You are not a security camera, and that’s a problem
Take a look at the picture illustrating this post. It comes from a security camera in the recent El Paso Walmart incident, and has been shared widely in social media as well as more than one blog. It’s also being used to sell an idea, a notion really, that I think is unrealistic and maybe even dangerous.
Misinformation for fun and profit
I’ve seen this very picture used to reinforce two different yet related points of view. The first is, essentially, victim blaming: “When the people in the store saw this, why didn’t they do something?” The second is to sell a particular course of action (or, worse yet, a course in that action): “If you saw this coming, could you defend yourself?”
The trouble is that this isn’t what those people saw, and it’s not what you’ll see if you’re ever unfortunate enough to be placed in that situation.
Point of view
Security cameras are placed well above the heads of the people they’re surveilling; they’re on high ground. That’s so they can have a clear field of view of an entire area, and of everyone within that area. If they were placed at eye level, what would they see? Not very much — only the people closest to the camera. Those people would block the camera’s view of everyone behind them. The camera would be pretty useless.
Of course, you’re at eye level. You’re only going to see the people directly in front of you; even if the store isn’t busy, there are still displays, shelves, kiosks, and checkstands — which are all at eye level, because that’s the prime selling space.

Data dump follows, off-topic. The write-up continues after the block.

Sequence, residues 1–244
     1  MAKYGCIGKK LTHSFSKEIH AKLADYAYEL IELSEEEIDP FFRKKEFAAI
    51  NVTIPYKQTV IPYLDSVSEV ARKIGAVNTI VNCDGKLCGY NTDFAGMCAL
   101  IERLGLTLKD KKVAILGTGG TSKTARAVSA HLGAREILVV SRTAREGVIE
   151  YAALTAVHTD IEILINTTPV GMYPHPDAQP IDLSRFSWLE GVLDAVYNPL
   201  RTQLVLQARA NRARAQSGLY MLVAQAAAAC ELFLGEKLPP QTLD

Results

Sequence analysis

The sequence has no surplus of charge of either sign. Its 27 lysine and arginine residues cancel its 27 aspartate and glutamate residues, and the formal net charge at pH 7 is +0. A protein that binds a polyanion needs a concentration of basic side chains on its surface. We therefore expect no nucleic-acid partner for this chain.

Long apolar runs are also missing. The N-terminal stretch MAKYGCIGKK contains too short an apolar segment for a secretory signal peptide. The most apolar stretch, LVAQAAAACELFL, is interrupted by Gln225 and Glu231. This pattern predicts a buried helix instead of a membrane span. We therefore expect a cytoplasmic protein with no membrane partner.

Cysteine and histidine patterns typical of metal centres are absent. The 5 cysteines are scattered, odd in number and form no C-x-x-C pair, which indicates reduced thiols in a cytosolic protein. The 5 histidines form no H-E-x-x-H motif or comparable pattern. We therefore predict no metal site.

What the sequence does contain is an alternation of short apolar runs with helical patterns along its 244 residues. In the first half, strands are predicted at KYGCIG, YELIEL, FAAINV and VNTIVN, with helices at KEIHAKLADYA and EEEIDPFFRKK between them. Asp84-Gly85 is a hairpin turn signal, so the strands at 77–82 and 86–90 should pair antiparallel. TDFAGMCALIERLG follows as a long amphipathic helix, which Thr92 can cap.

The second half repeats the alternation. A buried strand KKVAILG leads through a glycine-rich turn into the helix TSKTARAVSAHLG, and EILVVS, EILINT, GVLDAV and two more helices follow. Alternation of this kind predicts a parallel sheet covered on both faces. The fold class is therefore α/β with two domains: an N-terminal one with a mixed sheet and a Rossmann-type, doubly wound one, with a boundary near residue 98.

If, like me, you’re of slightly less than average height, a store looks a lot like a dense forest — and it’s worse with lots of people around.
In any case, you’re unlikely to see anything resembling that clear, unambiguous picture. And yet, you’re being told you should and you must. What good is that?
If you’re in a busy building when an attack like this happens, you’re not going to see that beautiful surveillance camera image. You’re probably not going to see the attacker coming at all. Your first indication that something is wrong is going to be the sound of shots; if the attacker is using knives or other contact weapons, it’s going to be the screaming of people trying to get away.
No matter what the method of attack, don’t expect that having “your head on a swivel” will give you enough advance warning that you’ll be able to preemptively avert the attack. Instead, you’ll need to respond to the attack — to recognize what’s happening with relatively scant information, and choose a course of action you feel is appropriate under the circumstances.
If seeing is believing, is believing seeing?
I won’t get into the skill of recognizing gunshots or how to decide whether to counter-attack or flee; those are topics for another day. For today, I just want you to think about the images you’re shown and how they skew what you believe about how incidents occur. Is what you’re being shown really what you’ll experience?
Then take a moment to consider how you’ll make decisions when you can’t actually see what’s happening.
It’s a little unnerving, but it’s probably what you’ll actually face. It’s better to think about it now, than when everyone around you is panicking.
-=[ Grant ]=-
P.S.: Registration is now open for my Threat-Centered Revolver course in Phoenix, AZ this November. We’ve already received a number of sign-ups, so you should reserve your spot today. You can learn more (and sign up) at this link.
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- Posted by Grant Cunningham
- On August 9, 2019